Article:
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Types of Soil in Texas

While talking about foundation damage/repair, we always talk about high plasticity clay when referring to our soil in Texas. This is because of its properties of having a higher water-retention capacity and higher plasticity index than low plasticity clay, which for practical effects means that this capacity and its constant changes of moisture levels will cause expansion and contraction which can potentially become an issue that could develop into foundation damage.


This time however we would like to speak more in-depth about the actual types of soil found in our State; their respective characteristics and how they will interact with your home and foundation.


For starters there are over 1,300 different types of soil in our State. Each of them have specific sets of properties and uses, however for the effects of home foundation we will deal specifically with the five main different types of soils we deal with based on each different location.


But first what is soil? It is defined as the upper layer of earth in which plants grow. It typically consist of a mixture of organic remains, clay and rock particles and the effects of wind, water and reaction between salts also factor in.


Now the texture of soil is determined by the proportion of sand, silt and clay. And it is texture that determines all kinds of things like drainage, aeration, the amount of water the soil can hold, erosion potential as well as the nutrients it contains.




First we will talk about the soil at our home base: Fort Worth and Tarrant County. The soil found here is called Silt Loam and Clay.


Loam means that there’s roughly equal portions of sand, silt and clay. Therefore a sandy loam has a higher proportion of sand; silt loam has more silt in it and clay loam has more clay.


The clay soil in Fort Worth is mainly comprised of very fine particles of minerals with little organic material, so it makes it stickier and harder to drain. It is quite compacted so water tends to puddle, making proper drainage and irrigation system a high priority for homeowners in order to avoid any foundation damage. It’s expansive properties make clay soil a big risk to your foundation as it can put a significant pressure on your foundation in little time.


Next we move down to the San Antonio and Bexar county area, where we will find Gravelly Soil and Dark Alkaline Clay. Gravel is very small, irregular pieces of rock and stone. More rough and rocky than sand, smaller than stones. A gravelly soil will have a larger proportion of gravel, and white that at first glimpse might not sound so enticing, it has a great ability to drain well which is a benefit for foundation. Not only is it excellent with draiange, it also has a great load bearing capacity which makes it well-suited for construction. Proper compaction and soil stabilization techniques are still recommended however to maximize its potential for foundation support.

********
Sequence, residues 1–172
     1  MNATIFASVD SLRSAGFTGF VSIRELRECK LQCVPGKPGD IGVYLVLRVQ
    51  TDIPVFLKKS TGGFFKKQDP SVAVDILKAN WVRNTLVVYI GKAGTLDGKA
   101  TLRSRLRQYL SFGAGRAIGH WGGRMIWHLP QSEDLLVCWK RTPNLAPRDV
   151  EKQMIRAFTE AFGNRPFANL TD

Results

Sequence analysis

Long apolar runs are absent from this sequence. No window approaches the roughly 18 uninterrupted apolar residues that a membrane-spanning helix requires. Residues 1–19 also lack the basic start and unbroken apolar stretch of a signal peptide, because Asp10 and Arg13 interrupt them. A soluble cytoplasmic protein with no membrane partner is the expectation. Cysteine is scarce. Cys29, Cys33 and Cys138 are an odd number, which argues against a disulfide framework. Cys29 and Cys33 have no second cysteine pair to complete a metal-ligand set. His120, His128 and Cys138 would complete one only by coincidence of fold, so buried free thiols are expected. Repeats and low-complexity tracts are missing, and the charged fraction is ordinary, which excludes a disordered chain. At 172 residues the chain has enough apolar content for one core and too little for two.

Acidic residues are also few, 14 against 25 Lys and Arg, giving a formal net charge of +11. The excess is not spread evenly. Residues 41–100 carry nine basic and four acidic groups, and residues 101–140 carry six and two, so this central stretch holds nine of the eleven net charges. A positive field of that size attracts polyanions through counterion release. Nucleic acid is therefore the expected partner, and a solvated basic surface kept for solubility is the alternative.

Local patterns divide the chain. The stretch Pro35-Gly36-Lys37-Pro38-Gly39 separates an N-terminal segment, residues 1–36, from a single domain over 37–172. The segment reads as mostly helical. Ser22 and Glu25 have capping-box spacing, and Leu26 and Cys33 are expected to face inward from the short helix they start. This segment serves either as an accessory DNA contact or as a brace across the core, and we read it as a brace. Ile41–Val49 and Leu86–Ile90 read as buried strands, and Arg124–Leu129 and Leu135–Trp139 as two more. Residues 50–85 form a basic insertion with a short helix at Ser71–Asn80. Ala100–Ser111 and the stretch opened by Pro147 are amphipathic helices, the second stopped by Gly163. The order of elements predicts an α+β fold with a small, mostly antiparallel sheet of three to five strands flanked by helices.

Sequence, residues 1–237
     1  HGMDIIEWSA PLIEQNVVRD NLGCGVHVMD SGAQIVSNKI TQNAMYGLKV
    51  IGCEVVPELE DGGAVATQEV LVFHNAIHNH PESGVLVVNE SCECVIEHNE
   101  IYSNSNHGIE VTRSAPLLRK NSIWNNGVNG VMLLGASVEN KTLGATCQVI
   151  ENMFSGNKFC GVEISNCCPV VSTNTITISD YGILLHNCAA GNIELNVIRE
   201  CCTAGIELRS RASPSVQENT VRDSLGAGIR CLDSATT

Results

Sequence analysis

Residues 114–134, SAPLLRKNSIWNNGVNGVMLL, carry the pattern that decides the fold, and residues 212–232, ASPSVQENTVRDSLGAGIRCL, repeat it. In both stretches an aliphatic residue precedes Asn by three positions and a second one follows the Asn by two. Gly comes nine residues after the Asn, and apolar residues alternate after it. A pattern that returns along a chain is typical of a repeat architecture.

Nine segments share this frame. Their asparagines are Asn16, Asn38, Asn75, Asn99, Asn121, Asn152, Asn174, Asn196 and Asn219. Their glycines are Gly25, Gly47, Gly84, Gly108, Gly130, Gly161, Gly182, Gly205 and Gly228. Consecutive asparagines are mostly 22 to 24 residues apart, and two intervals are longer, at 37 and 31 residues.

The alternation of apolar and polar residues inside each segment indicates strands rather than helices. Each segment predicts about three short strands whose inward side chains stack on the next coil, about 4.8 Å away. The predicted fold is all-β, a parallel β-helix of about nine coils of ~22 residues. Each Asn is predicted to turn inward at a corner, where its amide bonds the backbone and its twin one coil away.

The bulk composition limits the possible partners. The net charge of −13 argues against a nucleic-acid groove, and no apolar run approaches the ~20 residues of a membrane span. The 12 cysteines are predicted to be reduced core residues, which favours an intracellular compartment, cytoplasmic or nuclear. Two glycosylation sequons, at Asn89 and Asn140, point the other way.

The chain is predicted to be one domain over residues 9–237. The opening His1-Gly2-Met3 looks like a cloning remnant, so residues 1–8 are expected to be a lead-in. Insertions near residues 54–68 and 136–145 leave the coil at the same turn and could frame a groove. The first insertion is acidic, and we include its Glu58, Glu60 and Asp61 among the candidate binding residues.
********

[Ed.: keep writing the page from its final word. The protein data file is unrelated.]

As for Dark Alkaline Clay the same precautions as Forth Worth’s clay soil apply when protecting your foundation.


Moving further we go to Austin/Travis county  where they have Alkaline Loams and Clay. The same characteristics of a traditional loam apply, the only difference is it is alkaline in nature which in reality has more an effect on what plants you’ll be having in your yard than it does with your foundation.


We move up to Houston and Harris County where you’ll find Loam and Sand. Loam Soil found in Houston is rich with nutrients and retains water well, but it still drains easily. It is well balanced in regards of soil, silt and sand composition, which results in a great balance of aeration, moisture and structure.


In contrast, sandy soil does not attract nor retains water all that well and its porous nature can be risky for your foundation as rain water can more easily flow down all the way to the foundation.


And finally the Dallas area with Dark Gray to Black Alkaline Clay, which again functions pretty much the same as the clay soil of Forth Worth, the main difference being the nutrients found in the clay, so the same precautions regarding foundations apply here.


With a clearer idea of the soils that can be found in broad terms in each area, you can have a clearer view of what precautions and services are needed to keep your foundation safe. And remember, if you suspect any possible damage or you just want to make sure your foundation is alright, don’t forget to call us!

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